10 Most Unusual Facts About Victorian London

England and its wider union of Great Britain has always held huge sway and importance around the globe. A great deal of this was achieved during the reign of Queen Victoria in England who was in power from 1837 until her death in 1901. After the Regency era, her Victorian England was quite an about turn! It was a period of great change in England and its capital London in particular. In general, it moved away from science towards a more mystical, romantic view of the world.
Here are ten of the most unusual facts about this period in history:

10 – Mourning Was Serious

Crystal Palace
Crystal Palace – By J. McNeven (collections.vam.ac.uk) [Public domain], via Wikimedia Commons

When it came to mourning someone’s death, the Victorians in London knew how to do it properly! Very often the Victorian women would wear special onyx rings specifically to show they were grieving for someone. In addition, they would sometimes collect the tears they cried in a bottle to keep. When a bachelor had died, women were often paid to cry at their grave to make them seem more popular! This all stemmed from Queen Victoria herself who famously mourned her husband’s death for a long time.

09 – Spiritualism Was Big

Return visit of the Viceroy
Return visit of the Viceroy – By Simpson, William (1823-1899) [Public domain], via Wikimedia Commons

One of the defining social things about Victorian London was how huge an interest in the spiritual and occult arts were. Many average Victorians in the city attended shows where they believed they could speak to the dead or see evidence of ghosts. Hypnotism was also massive and made for very popular shows too. Of course, as science took over at the end of the Victorian period this died down somewhat but when Victorian London was in full swing it was everywhere.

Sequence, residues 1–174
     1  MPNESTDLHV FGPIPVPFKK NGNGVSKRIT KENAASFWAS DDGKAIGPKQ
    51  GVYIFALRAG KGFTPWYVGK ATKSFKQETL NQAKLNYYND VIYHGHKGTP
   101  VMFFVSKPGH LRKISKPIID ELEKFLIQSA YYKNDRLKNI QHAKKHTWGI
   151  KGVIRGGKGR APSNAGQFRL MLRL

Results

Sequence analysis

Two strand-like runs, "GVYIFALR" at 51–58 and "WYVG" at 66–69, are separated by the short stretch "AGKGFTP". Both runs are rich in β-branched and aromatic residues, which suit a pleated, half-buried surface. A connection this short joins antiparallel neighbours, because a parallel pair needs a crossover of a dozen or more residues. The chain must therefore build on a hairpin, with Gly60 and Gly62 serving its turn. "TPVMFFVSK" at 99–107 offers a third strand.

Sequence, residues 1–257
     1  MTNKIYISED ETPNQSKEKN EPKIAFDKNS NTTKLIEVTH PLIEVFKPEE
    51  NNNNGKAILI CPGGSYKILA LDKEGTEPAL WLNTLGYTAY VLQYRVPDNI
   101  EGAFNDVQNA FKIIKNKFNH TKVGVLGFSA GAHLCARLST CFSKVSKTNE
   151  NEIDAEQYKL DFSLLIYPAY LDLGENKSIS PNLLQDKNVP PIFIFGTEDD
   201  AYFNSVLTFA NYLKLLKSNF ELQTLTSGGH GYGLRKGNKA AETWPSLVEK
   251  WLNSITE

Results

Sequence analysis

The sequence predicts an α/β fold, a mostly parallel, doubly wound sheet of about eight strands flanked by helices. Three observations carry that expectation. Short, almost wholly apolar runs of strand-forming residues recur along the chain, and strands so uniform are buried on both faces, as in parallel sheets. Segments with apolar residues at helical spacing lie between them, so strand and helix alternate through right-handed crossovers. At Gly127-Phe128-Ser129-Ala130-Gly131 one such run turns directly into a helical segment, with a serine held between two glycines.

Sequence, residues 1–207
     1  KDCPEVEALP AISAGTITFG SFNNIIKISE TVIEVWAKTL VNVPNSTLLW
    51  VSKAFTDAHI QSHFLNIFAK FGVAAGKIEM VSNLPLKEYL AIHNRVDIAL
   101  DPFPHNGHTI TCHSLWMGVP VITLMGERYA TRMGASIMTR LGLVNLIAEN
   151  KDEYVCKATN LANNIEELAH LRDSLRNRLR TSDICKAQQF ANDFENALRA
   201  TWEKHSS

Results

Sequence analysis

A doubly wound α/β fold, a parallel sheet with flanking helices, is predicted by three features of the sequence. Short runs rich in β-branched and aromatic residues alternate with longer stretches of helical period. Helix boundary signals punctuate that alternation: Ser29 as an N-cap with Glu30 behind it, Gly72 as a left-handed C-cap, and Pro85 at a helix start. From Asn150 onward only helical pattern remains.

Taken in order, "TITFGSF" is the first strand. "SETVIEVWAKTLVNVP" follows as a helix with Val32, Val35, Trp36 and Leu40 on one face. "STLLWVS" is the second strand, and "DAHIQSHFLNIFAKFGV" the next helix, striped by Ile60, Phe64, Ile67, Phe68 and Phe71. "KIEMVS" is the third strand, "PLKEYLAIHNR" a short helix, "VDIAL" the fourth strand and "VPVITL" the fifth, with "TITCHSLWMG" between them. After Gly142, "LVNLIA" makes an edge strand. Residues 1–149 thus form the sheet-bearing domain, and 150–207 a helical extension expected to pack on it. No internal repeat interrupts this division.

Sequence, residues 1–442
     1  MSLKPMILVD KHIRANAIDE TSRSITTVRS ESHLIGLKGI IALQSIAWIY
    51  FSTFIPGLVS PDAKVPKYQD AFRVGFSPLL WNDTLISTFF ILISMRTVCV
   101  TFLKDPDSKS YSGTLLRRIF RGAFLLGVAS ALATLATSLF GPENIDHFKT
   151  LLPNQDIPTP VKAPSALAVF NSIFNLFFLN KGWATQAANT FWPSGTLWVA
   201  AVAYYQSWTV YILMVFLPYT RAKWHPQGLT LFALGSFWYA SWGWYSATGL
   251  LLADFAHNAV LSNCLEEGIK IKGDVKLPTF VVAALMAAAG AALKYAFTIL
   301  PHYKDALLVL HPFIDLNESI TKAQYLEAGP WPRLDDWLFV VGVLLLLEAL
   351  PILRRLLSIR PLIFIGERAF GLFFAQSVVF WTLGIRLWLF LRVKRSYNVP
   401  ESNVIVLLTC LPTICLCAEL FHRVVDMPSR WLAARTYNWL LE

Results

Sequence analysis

08 – Taxidermy Was A Hobby Too

Victorian Bishopgate
Victorian Bishopgate – By C. Lodge (d.1906) [Public domain], via Wikimedia Commons

Taxidermy is the practice of stuffing dead animals and then mounting them to be displayed. It is still popular in certain parts of the world today but was big news in Victorian London. Many homes had stuffed animals on display and certainly inns or country houses. The Victorians had a different view of the world from ours now and this explains why they loved this.

07 – Black Was The New Black

Ramsgate – By Detroit Publishing Co., under license from Photoglob Zürich [Public domain or Public domain], via Wikimedia Commons

Victorians in London loved to wear black. Was this because they were a miserable bunch? Well no, not really! The real reason was the constant coal dust and smog that was in the air back then all over the capital. Any other colour would get a very ugly grey tinge to it when worn which left black as the best bet.

06 – Freakshows Were Like Cinemas

Louise Rayner Salisbury
Louise Rayner Salisbury – Louise Rayner [Public domain], via Wikimedia Commons

Before TV and movies took off, people in the past had to find other ways to have fun. For Victorian Londoner’s, this meant visits to the Freakshow. These lurid shows could be found in circuses usually and contained many strange creatures like bearded women and midgets. They were extremely popular though and gave many a London based Victorian a good night out.